Vernon Elementary School

Today, Vernon Elementary School is known as the Vernon Multi-Purpose Center. The Vernon Elementary School was located on the present site of the Vernon Center, and was operated by Rev. Eben Blachly, Presbyterian Minister who struggled to find funds and services. 

In the year of 1865, during the closing of the Civil War, when the population of the Quindaro Township reached 429 African Americans, a group of Quindaro citizens decided to establish a formal school. A group of men chartered Quindaro Freedmen’s University. The University was supported through donations, and with two teachers throughout its history - Even and Jane Blachly. The school closed in 1877 upon the death of Rev. Blachly. In 1879, the school’s trustees took out a mortgage on part of the property of the Freedmen’s University in an attempt to keep it open. (46) 

The Vernon School was known as The Colored School of Quindaro. It opened in 1858. The original school’s purpose was built to educate African American children in the abolitionist community of Quindaro. The school began operation in the years leading up to the Civil War when it provided instruction to African Americans, including many former slaves who had just arrived in the territory of Kansas. The segregated school ran by its own district (#17) with a board of all African Americans. By the 1930s, the school fell to despair and became overcrowded. In 1936, a brick school took the place of the old building. The new school had 4 rooms and served the 1st through 8th grade. In 1950, two rooms were added. This facility was built using President Roosevelt’s New Deal Program. The Colored School of Quindaro became Vernon School after William Tecumseh Vernon. At the time Vernon was only 25 years old. As an accomplished speaker and writer, Vernon became an African American Leader from Kansas City and served as the president at the Western University, who is credited with expanding the university’s curriculum and state funding.

In 1906, President Theodore Roosevelt appointed Vernon as Register of the US Treasury, the highest post ever achieved by an African American, at the time. Vernon later became consecrated as a bishop with the African Methodist Episcopal (AME) Church and worked as a missionary in South Africa (47)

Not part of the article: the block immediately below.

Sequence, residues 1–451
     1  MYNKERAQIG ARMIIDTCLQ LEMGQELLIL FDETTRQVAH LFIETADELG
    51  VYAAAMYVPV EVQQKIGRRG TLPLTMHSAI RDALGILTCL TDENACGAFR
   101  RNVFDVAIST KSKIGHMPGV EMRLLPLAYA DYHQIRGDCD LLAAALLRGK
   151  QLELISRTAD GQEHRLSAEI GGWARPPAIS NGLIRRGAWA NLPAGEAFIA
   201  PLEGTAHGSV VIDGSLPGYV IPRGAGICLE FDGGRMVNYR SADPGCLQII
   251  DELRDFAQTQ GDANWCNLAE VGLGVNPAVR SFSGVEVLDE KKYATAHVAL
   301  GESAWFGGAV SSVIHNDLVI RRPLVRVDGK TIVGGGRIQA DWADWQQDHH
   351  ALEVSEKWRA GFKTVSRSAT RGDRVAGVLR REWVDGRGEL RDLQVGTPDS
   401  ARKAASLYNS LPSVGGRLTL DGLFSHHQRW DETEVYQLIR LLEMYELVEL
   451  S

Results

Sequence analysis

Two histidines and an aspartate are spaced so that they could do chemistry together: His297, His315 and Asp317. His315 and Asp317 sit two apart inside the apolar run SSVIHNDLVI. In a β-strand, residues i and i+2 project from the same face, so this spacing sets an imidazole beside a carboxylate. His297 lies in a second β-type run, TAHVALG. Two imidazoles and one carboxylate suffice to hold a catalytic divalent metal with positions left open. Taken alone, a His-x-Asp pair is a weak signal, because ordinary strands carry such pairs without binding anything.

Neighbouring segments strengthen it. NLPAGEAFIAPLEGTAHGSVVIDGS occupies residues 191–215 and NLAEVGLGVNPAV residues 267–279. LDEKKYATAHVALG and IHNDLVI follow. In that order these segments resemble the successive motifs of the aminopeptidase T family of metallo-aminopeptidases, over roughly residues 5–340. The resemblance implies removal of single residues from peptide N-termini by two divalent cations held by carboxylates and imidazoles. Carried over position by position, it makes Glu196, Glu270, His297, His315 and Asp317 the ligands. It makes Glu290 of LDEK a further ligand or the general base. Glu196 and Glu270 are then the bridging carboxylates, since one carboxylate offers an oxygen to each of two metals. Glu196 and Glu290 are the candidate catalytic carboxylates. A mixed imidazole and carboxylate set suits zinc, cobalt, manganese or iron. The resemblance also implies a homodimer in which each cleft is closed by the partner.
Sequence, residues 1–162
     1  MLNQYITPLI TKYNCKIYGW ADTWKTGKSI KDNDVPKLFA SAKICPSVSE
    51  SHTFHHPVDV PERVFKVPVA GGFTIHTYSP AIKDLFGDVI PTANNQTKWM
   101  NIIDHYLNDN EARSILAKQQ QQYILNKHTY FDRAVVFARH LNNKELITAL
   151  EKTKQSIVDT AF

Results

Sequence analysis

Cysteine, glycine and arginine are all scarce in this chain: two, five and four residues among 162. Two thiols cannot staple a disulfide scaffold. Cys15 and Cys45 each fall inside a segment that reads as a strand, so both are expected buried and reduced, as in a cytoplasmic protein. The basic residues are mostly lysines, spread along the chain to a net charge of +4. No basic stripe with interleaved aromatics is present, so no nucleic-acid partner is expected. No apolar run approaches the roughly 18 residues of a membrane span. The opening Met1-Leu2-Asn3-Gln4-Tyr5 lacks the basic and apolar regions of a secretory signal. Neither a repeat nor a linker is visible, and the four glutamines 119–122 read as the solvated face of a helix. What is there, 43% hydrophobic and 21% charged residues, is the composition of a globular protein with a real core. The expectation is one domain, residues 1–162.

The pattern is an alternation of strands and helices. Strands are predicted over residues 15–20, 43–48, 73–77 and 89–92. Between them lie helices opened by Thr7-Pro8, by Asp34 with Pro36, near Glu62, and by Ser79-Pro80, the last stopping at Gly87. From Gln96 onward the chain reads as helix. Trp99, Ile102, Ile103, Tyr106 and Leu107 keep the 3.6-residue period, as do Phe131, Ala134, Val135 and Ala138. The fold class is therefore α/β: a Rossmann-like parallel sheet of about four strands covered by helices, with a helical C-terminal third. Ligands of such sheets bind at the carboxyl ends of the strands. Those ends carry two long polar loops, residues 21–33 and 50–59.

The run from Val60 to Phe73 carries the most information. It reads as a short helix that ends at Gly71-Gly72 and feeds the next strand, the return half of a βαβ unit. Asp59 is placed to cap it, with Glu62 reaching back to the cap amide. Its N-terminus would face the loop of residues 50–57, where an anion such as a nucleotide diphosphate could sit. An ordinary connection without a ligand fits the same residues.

In 1954, the Brown Vs. Board of Education of Topeka landmark case desegregated schools across the country. The next year, about one third of the Vernon School’s children were sent to integrate the Quindaro Elementary School. Due to desegregation, and partially due to a decreasing population of Quindaro, the Vernon School closed in 1971. The building turned into a community center, which is still in use. In 2004, the National Historic Register added the building to its list. 

Today, the Vernon School is called the Vernon Multi-Purpose Center. Its mission is to function as an outreach facility, serving Wyandotte County citizens. The Center’s purpose and goal is to enhance the general, physical, and wellbeing of the community it serves. The center also houses the Underground Railroad Museum. It supports and assists the historical preservations of the documents, secured by the museum. (48) The Quindaro Underground Railroad Museum currently resides inside of the Vernon Multi-purpose Center. The museum houses an array of primary, and secondary source historical documents, photos, and artifacts that cover the history of Quindaro, and the Underground Railroad. 

Smith, who is a local social historian, and a dedicated leader who was born in Quindaro is committed to preserving the stories of Quindaro. He is the main visionary, and creator of the Quindaro Underground Railroad Museum. Smith mentioned his mother was born in Quindaro in 1917, and she graduated from Vernon Elementary School. She also graduated from the former historically black college, Western University, that is located across the street from the Vernon Center. Smith mentioned that the school was named after Bishop William Tecumseh Vernon, who was a former president of Western University, a Bishop, a servant, and a former United States Treasurer (49). Smith mentioned that in 1872, the black school and a white only school (27th and Farrow), were built only a few blocks apart. Records show that only 2,000 dollars were allocated to help build the black school, but Smith notes that the white school received a significantly larger amount. He believes the school received 5,000 dollars. Note that during this time, blacks and slaves were not allowed to vote, hold any political power, attend school with whites, and they were not even considered citizens of the United States of America. Just five years prior to the opening of the of “The Colored Normal School” in 1862, in 1857, judges decided in Missouri’s Dred Scott Case the United States Supreme Court upheld slavery in United States territories, and denied the legality of black citizenship in America, and declared the Missouri Compromise to be unconstitutional. (50)

Clarina Nichols, author and lecturer regarding issues surrounding abolition, women’s rights, suffrage, temperance, etc., left a rich description of stations and secants throughout Quindaro. Nichols, co-editor of the “Quindaro Chindowan” (Newspaper), and one of the conductors on the Quindaro Underground Railroad. (51)

In 1882, the editor of the Wyandotte Commercial Gazette invited Nichols to write her reminiscences of Quindaro. Her letters to the editor contain one of the few surviving eye-witness accounts of Quindaro Underground Railroad operations (52). Some of the businesses that the “Old Quindaro Museum” has collaborated with include, Quindaro Underground Railroad Museum, Wyandotte County Historical Society, Kansas Community College, the Freedom Frontiers Heritage Organization, Kansas City Kansas Public Library, University of Kansas, University of Kansas State, University of Missouri at Kansas City, diverse school districts, and AmeriCorps.